Kevin Wayne Durant (/dəˈrænt/; born September 29, 1988) is an American professional basketball player for the Brooklyn Nets of the National Basketball Association (NBA). He played one season of college basketball for the Texas Longhorns, and was selected as the second overall pick by the Seattle SuperSonics in the 2007 NBA draft.

He played nine seasons with the franchise, which became the Oklahoma City Thunder in 2008, before signing with the Golden State Warriors in 2016, winning consecutive NBA championships in 2017 and 2018. 

 After sustaining an Achilles injury in the 2019 finals, he joined the Nets as a free agent that summer. Durant is widely regarded as one of the greatest players of all time

Durant was a heavily recruited high school prospect who was widely regarded as the second-best player in his class. In college, he won numerous year-end awards and became the first freshman to be named Naismith College Player of the Year

As a professional, he has won two NBA championships, an NBA Most Valuable Player Award, two Finals MVP Awards, two NBA All-Star Game Most Valuable Player Awards, four NBA scoring titles, the NBA Rookie of the Year Award, been named to ten All-NBA teams (including six First Teams), and selected 12 times as an NBA All-Star.

In 2021, Durant was named to the NBA 75th Anniversary Team.[5] As a member of the U.S. men's national team, Durant has won three gold medals in the Olympics (2012, 2016, and 2020) and is the leading scorer in Team USA's men's Olympic basketball history. He also won gold at the 2010 FIBA World Championship.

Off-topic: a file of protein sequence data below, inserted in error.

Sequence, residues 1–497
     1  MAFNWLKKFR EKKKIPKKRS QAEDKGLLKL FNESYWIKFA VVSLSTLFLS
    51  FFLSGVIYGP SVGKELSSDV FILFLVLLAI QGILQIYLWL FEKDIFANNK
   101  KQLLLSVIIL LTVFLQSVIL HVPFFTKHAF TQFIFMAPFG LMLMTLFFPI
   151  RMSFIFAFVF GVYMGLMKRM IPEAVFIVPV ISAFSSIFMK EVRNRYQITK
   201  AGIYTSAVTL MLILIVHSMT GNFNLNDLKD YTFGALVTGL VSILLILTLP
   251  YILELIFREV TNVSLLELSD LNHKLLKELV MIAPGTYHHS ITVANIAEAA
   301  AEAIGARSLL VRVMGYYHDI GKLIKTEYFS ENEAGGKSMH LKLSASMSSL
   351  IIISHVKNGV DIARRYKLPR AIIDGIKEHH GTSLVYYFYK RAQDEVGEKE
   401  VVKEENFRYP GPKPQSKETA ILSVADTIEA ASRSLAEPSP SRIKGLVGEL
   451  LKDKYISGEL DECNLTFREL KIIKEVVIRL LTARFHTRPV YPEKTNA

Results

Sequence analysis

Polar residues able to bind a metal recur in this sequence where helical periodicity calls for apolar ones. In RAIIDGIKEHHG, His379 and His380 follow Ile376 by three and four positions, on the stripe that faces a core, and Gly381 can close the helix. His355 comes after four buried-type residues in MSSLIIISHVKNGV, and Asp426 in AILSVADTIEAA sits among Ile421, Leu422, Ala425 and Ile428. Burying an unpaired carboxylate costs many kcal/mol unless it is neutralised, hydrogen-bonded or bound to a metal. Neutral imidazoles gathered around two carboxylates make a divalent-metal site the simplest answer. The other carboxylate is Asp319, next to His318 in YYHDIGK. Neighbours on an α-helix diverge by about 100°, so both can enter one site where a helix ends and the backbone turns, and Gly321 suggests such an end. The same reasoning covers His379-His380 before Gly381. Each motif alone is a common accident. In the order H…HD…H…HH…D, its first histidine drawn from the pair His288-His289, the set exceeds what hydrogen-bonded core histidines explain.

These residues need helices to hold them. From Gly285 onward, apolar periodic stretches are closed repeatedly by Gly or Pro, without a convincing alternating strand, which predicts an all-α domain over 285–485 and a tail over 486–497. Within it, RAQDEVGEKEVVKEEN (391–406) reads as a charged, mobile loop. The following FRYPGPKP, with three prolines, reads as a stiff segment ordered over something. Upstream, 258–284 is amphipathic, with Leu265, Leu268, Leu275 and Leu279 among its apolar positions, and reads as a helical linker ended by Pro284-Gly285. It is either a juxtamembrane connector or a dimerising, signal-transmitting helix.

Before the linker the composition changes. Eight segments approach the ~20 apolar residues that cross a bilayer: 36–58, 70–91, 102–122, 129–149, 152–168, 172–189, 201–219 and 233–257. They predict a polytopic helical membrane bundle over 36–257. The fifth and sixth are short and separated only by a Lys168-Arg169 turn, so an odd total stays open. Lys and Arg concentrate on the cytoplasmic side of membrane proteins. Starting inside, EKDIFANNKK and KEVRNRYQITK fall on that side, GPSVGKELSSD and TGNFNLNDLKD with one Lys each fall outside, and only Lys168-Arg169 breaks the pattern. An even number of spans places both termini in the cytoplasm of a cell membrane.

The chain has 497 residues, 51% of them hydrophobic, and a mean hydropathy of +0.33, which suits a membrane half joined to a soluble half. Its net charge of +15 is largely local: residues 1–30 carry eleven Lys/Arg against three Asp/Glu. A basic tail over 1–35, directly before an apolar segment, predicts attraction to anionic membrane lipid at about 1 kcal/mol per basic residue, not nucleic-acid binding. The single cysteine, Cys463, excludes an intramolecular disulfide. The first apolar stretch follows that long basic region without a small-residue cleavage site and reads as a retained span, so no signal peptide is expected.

Off the court, Durant is one of the highest-earning basketball players in the world, due in part to endorsement deals with companies such as Foot Locker and Nike. 

Durant was brilliant that night—because, well, Durant is nearly always brilliant when he takes the court—but his long-awaited Nets debut was strange, strained, muted,  performed as it was in a near-empty arena, in the midst of a global pandemic.

On a late December evening in 2020, when the state of the world was bleak, Kevin Durant slipped on a Nets jersey and stepped into the Brooklyn spotlight for the first time. The possibilities seemed infinite. Hope sprang eternal. Continue reading

As omens go, this one was … well, rather ominous. A moment that should have ranked among the most thrilling in franchise history played out in a fan-less void, as if it were just some contrived simulation in the metaverse.